The U.S. Air Force Space and Missile Systems Center's seventh Wideband Global satellite communication is being prepared for a July 22 launch at Florida’s Kennedy Space Center. WGS-7 will complete its final procedures and then transportedto the launch pad at Cape Canaveral US Air Force Station. The WGS is a MILCOM Satellite that provides for the warfighter’s broadcast, multicast, and point to point connections. WGS can support simultaneous X- and Ka- band communications, with cross-banding that makes it transparent to the military/government users to communicate across terminal types. Real-time data is routed through X-band, Ka-band, and switchable X - Ka-band terminals that supports comm-on-the-move. “Built by Boeing, WGS-7 is the first satellite under a new contract approach contributing to a cost savings of more than $100 million. With three more satellites in production, the WGS constellation is expected to have a total of ten satellites on orbit by 2018.”
The satellite will be aboard an EELV medium Delta IV. All of the Delta IV integration work and preflight processing takes place inside United Launch Alliance ULA’s Horizontal Integration Facility (HIF), at Cape Canaveral Air Force Station in Florida.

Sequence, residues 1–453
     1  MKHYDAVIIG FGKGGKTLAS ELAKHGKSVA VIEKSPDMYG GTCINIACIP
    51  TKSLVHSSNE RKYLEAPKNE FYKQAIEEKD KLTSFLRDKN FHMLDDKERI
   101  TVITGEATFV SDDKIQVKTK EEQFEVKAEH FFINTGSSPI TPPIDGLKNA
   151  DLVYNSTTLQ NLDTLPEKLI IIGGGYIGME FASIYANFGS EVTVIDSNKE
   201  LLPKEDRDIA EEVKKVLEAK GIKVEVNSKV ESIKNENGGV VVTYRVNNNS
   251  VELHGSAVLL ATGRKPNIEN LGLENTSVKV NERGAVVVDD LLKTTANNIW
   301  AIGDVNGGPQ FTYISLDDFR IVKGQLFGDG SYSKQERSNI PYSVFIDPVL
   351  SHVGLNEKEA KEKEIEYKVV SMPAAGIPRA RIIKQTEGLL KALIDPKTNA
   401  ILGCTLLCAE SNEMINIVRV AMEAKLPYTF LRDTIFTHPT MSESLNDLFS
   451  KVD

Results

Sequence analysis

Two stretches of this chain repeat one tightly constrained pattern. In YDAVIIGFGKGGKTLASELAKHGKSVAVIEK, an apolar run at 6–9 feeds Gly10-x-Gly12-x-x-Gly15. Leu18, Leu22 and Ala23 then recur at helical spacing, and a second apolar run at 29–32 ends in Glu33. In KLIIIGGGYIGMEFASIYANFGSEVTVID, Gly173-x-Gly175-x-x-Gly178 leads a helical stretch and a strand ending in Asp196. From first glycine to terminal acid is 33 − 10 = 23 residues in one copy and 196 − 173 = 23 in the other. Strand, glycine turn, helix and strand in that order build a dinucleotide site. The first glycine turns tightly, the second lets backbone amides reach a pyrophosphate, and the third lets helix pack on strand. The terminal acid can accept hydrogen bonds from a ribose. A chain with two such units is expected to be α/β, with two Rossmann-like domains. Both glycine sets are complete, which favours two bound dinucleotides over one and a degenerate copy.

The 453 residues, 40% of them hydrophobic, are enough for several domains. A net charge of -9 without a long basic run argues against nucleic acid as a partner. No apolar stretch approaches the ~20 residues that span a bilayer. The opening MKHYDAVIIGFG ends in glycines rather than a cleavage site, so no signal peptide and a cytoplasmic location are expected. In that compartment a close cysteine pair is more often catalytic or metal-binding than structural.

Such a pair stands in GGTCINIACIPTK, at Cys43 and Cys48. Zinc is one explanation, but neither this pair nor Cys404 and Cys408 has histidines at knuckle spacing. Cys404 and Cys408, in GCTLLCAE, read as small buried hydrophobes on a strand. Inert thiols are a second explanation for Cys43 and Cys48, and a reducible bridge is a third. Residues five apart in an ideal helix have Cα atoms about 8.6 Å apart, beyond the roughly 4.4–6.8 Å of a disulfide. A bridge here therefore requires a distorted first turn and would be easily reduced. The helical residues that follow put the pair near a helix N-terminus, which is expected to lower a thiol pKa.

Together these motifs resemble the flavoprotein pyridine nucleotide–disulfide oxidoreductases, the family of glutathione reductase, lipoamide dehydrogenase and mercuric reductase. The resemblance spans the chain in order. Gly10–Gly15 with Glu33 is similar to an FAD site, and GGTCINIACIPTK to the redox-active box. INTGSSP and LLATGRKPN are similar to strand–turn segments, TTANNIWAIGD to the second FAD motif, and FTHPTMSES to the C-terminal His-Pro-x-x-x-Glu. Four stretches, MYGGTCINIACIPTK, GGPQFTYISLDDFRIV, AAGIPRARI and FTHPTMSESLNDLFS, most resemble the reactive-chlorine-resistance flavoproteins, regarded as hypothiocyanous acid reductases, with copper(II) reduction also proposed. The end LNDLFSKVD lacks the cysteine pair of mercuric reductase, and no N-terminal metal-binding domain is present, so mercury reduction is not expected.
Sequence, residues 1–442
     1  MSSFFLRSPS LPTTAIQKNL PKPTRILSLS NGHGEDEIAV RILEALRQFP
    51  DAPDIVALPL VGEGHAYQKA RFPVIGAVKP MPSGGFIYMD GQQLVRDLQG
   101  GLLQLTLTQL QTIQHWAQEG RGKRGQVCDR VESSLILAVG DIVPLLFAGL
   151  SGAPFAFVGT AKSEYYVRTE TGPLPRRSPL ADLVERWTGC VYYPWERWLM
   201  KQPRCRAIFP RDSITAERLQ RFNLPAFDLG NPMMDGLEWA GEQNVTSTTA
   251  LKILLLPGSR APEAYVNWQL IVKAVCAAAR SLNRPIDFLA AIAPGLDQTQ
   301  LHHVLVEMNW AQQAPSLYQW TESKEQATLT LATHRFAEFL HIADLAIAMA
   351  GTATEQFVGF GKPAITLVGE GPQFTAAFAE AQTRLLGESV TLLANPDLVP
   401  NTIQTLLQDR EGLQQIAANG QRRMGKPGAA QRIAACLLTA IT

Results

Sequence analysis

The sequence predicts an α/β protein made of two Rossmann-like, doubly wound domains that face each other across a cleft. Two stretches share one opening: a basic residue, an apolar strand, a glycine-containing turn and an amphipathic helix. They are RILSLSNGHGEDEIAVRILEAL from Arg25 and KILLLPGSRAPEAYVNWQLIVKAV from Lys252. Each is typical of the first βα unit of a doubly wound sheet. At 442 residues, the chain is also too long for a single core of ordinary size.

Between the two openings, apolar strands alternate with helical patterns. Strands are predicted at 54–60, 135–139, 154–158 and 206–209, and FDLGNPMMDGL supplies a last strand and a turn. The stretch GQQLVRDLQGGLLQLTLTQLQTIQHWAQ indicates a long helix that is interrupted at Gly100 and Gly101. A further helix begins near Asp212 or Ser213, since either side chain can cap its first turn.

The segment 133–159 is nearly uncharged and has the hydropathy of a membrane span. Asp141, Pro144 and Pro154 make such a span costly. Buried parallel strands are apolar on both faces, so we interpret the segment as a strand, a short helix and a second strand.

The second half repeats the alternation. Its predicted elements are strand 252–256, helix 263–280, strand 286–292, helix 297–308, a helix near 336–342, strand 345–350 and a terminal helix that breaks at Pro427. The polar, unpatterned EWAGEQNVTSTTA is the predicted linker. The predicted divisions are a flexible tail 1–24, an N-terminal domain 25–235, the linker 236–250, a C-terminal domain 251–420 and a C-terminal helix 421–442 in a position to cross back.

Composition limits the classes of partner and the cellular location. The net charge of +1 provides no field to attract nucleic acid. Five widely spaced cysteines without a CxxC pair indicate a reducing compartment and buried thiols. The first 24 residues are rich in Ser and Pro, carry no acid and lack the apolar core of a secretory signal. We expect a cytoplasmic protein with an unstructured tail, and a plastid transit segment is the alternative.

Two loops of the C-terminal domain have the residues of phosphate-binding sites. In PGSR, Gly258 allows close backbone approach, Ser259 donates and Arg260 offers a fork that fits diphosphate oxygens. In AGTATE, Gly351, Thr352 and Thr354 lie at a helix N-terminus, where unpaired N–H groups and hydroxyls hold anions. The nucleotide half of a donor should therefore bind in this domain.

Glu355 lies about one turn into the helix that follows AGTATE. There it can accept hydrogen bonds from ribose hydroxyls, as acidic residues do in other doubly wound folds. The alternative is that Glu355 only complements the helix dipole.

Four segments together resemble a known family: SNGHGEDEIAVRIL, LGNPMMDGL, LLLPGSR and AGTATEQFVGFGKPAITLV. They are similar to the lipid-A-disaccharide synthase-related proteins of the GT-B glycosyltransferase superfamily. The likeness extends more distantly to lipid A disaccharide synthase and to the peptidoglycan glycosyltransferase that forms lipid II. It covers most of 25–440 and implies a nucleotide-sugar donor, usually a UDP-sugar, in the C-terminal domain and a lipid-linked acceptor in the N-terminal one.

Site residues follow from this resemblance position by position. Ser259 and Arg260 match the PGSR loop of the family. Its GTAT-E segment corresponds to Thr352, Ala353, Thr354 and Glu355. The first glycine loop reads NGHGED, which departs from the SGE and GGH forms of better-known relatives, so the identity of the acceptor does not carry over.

Each core booster elements of a Delta IV Heavy measures 134 feet in length and 17 feet in diameter. They are equipped with an RS-68 engine powered by liquid hydrogen and liquid oxygen propellants producing 656,000 pounds of thrust. Together they generate 1.96 million pounds of thrust.The RS-68 is manufactured by Aerojet Rocketdyne and commercially developed for the United Launch Alliance Delta IV family of rockets.
With US Congressional sanctions levied on the Russian Federation, the 2015 National Defense Authorization Act calls for the Russian-built RD-180 to be replaced by an American-made alternative for national security space launches by 2019. In May 2015, Aerojet Rocketdyne, a GenCorp (NYSE:GY) company, completed a successful series of hot-fire tests of key additively manufactured components for its AR1 booster engine replacement at its Sacramento California Testing range. This is just a very small testing step for the AR1. In the meantime, the RD-180 engine will be powering the first stage of Lockheed Martin's Atlas III, Atlas V rockets, and Russia’s Angara rockets. The Russian developed RD-180 is marketed jointly by NPO Energomash and Pratt & Whitney. United Launch has partnered with Blue Origin, a space start-up, for the BE-3&4 Engines.